Remediation job stalls as cladding firm goes bust

A cladding-remediation job has stalled after the liquidation of a cladding fabricator.

Work to remove and replace dangerous cladding on Sterte Court in Poole, Dorset, faltered after H&H Architectural Systems collapsed in August, meaning it was not possible to deliver panels for the job in time, Construction News can reveal.

The blocks, which include two 10-storey buildings, were clad in a high-pressure laminate cladding and combustible insulation materials, according to council documents released in 2020.

The insulation used was also “not compliant with building regulations in respect of fire safety”, while there were also “fire-stopping issues”, the document added. The council further identified evidence of what it described as “poor workmanship” on the project.

According to a separate document, Keepmoat’s regeneration arm was the contractor responsible for installing the cladding on the block in 2015. The company was sold to Engie in 2017. Keepmoat’s housebuilding division is a separate, unrelated company.

Remediation work had begun at the site under United Living, which was appointed to carry out building-remediation work across the council area and took on the job at Sterte Court.

However, the bottom five floors of the 10-storey buildings still need replacement cladding to be fitted, a process that has now been held up following the collapse of H&H Architectural Systems.

Sterte Court is managed by an arm’s-length management company set up by the local authority.

Karen Rampton, portfolio holder for people and homes at Bournemouth, Christchurch and Poole Council, said the delay in fixing the defects was “solely down to the manufacturer of the panels entering insolvency before the final elements needed to complete the work were delivered to site”.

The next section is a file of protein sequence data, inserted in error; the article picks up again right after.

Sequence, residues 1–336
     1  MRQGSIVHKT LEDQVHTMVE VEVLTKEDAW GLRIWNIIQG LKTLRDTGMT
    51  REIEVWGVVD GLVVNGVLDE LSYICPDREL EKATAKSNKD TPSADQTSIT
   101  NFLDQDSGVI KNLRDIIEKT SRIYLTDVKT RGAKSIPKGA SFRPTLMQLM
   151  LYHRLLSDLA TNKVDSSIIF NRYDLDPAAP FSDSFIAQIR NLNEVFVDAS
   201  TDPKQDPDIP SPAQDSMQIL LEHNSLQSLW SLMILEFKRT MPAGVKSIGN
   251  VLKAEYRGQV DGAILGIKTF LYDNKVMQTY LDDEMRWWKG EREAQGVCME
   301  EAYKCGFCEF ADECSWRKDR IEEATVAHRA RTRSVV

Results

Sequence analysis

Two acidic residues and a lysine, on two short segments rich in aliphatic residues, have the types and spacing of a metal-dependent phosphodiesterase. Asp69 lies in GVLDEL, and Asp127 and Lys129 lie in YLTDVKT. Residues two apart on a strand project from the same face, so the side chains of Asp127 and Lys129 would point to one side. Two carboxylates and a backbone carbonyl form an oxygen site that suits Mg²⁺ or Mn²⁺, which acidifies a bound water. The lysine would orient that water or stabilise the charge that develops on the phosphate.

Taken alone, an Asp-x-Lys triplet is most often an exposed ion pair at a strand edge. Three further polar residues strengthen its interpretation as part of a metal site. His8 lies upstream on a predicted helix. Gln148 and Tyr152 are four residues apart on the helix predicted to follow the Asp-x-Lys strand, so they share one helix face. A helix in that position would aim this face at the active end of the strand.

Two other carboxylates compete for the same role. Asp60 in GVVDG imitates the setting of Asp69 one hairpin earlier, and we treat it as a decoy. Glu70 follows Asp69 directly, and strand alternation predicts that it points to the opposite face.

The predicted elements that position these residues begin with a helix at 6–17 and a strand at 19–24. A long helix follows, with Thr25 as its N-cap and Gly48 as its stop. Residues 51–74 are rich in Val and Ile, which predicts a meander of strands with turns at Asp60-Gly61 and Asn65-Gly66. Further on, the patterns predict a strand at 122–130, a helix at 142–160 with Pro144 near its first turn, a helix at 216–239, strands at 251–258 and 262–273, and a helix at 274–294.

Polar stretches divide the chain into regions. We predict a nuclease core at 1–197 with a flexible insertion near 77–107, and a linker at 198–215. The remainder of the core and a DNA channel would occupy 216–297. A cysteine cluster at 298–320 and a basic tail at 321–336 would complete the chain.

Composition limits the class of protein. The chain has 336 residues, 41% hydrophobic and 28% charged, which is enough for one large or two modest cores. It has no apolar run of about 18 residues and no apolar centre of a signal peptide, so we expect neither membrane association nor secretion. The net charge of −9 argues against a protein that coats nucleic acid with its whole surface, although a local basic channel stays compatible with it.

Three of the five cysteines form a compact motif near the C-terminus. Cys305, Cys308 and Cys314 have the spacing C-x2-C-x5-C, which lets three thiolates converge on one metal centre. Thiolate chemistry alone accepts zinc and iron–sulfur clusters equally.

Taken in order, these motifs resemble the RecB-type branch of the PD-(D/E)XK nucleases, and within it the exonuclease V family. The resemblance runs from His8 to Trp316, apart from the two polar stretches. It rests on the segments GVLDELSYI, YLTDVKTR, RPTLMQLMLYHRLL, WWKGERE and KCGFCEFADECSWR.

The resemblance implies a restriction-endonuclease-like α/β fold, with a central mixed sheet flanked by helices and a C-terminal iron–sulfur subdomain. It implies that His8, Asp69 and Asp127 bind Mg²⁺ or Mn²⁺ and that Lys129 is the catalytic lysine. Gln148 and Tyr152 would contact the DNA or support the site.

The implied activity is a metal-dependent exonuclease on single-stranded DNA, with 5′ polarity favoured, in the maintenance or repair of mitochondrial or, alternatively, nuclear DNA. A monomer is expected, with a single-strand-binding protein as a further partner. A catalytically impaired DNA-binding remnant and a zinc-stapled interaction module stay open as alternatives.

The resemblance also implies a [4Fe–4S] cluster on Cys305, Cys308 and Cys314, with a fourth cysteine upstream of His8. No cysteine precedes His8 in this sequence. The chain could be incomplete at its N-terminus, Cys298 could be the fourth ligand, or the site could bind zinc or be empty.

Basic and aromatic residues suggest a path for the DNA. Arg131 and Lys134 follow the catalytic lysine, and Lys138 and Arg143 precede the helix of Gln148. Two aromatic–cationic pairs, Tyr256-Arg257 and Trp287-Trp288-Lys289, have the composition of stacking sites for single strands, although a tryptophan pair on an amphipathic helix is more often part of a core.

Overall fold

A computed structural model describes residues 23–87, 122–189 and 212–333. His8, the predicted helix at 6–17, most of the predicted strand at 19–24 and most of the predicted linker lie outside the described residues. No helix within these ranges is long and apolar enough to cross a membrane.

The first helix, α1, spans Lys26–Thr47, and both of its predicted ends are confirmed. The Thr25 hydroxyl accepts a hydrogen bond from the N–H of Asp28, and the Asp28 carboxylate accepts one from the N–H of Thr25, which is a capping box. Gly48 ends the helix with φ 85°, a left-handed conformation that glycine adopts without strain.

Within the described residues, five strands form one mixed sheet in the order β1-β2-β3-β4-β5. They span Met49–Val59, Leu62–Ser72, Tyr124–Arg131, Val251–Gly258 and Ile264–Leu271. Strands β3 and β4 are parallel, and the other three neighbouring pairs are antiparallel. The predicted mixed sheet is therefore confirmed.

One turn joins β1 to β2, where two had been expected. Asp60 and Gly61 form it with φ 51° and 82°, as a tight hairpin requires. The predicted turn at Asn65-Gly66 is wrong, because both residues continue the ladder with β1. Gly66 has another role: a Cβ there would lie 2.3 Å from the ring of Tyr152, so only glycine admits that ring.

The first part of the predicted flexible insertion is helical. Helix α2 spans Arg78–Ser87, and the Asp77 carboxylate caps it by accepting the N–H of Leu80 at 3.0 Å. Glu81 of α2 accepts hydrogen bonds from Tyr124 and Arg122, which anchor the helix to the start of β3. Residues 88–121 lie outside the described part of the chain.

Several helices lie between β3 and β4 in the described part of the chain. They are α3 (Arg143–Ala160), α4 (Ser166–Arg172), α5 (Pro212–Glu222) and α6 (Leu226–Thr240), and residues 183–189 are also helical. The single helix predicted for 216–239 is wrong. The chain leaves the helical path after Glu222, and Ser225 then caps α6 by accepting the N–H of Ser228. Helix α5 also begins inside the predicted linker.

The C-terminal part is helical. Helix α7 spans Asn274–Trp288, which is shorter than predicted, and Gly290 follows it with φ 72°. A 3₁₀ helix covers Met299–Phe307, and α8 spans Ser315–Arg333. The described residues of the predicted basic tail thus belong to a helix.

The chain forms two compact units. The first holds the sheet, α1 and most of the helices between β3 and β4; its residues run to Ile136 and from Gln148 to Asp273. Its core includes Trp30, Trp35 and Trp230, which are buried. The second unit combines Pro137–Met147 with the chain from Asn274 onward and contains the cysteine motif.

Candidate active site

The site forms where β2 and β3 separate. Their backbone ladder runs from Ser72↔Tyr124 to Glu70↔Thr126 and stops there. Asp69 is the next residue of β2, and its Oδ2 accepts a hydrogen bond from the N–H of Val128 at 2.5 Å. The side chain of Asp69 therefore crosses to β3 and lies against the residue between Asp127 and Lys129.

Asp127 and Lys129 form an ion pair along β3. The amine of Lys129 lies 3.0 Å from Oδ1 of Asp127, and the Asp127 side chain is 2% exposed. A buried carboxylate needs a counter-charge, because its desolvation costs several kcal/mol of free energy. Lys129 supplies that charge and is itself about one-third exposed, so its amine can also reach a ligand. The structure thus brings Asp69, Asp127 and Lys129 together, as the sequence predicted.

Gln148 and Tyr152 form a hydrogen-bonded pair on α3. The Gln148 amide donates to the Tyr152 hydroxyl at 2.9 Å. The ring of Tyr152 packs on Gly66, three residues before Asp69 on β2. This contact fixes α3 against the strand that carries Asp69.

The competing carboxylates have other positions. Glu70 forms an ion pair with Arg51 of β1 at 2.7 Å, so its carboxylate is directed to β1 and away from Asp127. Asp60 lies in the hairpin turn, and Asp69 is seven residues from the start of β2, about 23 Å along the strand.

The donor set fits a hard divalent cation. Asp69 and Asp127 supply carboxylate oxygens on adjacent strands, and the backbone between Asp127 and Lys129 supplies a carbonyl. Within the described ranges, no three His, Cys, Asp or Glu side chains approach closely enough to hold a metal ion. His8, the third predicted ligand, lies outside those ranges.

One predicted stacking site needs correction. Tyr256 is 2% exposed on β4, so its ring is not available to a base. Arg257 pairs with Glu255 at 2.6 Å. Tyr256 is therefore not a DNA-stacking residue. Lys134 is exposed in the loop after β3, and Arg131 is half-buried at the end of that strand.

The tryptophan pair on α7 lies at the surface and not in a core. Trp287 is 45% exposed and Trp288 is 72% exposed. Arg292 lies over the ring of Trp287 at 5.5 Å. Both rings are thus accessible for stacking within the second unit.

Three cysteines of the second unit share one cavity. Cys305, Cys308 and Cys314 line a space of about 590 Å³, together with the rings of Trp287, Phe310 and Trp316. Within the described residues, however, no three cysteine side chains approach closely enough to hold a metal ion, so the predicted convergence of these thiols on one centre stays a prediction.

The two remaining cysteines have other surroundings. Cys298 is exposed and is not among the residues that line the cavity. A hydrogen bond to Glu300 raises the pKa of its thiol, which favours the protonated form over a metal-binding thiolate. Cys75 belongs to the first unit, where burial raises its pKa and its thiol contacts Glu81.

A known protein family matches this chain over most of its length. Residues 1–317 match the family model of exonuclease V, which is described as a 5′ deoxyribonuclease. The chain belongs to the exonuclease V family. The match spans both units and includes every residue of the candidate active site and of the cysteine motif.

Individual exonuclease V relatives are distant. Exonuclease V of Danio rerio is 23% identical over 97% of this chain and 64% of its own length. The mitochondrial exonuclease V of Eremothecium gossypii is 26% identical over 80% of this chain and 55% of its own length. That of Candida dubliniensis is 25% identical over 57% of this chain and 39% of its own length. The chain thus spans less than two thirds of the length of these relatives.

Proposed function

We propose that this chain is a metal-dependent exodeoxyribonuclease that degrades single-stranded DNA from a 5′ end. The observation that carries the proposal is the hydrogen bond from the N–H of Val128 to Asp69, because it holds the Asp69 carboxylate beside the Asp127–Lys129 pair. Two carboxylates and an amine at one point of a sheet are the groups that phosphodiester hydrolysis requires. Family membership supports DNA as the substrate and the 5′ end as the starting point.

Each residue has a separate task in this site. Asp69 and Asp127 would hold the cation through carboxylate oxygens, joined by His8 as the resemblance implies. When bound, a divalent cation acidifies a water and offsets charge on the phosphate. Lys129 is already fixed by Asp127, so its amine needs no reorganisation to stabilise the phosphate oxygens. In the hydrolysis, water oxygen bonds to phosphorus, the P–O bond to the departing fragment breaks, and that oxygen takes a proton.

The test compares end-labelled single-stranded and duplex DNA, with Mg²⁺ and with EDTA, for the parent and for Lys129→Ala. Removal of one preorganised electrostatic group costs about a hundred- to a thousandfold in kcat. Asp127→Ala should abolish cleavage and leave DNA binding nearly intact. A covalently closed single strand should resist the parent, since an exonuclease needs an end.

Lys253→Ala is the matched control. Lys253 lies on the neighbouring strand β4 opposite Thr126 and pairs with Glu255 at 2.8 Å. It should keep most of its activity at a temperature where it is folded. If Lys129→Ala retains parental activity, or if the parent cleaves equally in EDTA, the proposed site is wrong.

She added: “Whilst these circumstances are subject to the current market challenges facing all in the building trade, we remain in regular communication with United Living to find a way of getting the panels released and we are in their hands so that the work can be finished.

“The buildings remain safe to live in and I am reassured that United Living have the health and safety of residents uppermost in their mind whilst this work remains paused. I have met with the residents and will make sure they are kept updated.”

A spokesperson for United Living said the company was working with the local authority to “find a suitable replacement so that works may resume as soon as possible”.

H&H Architectural Systems, which had a turnover smaller than the threshold requiring it to publish full company accounts, owed 120 creditors more than £1.4m at the time of its collapse, according to documents released by its liquidator, Mazars.

Commenting on the collapse of H&H Architectural Systems, a spokesperson for Mazars said: “The coronavirus pandemic, as with many smaller companies, wiped out the [firm’s] reserves, and then working capital dried up, which meant life was getting harder and harder. Then, this year, with the inherent economic headwinds, it lost the ability to keep going.

“Mazars was appointed formally on 16 August, by which time the workforce had been made redundant.”

CN has contacted Engie for comment.

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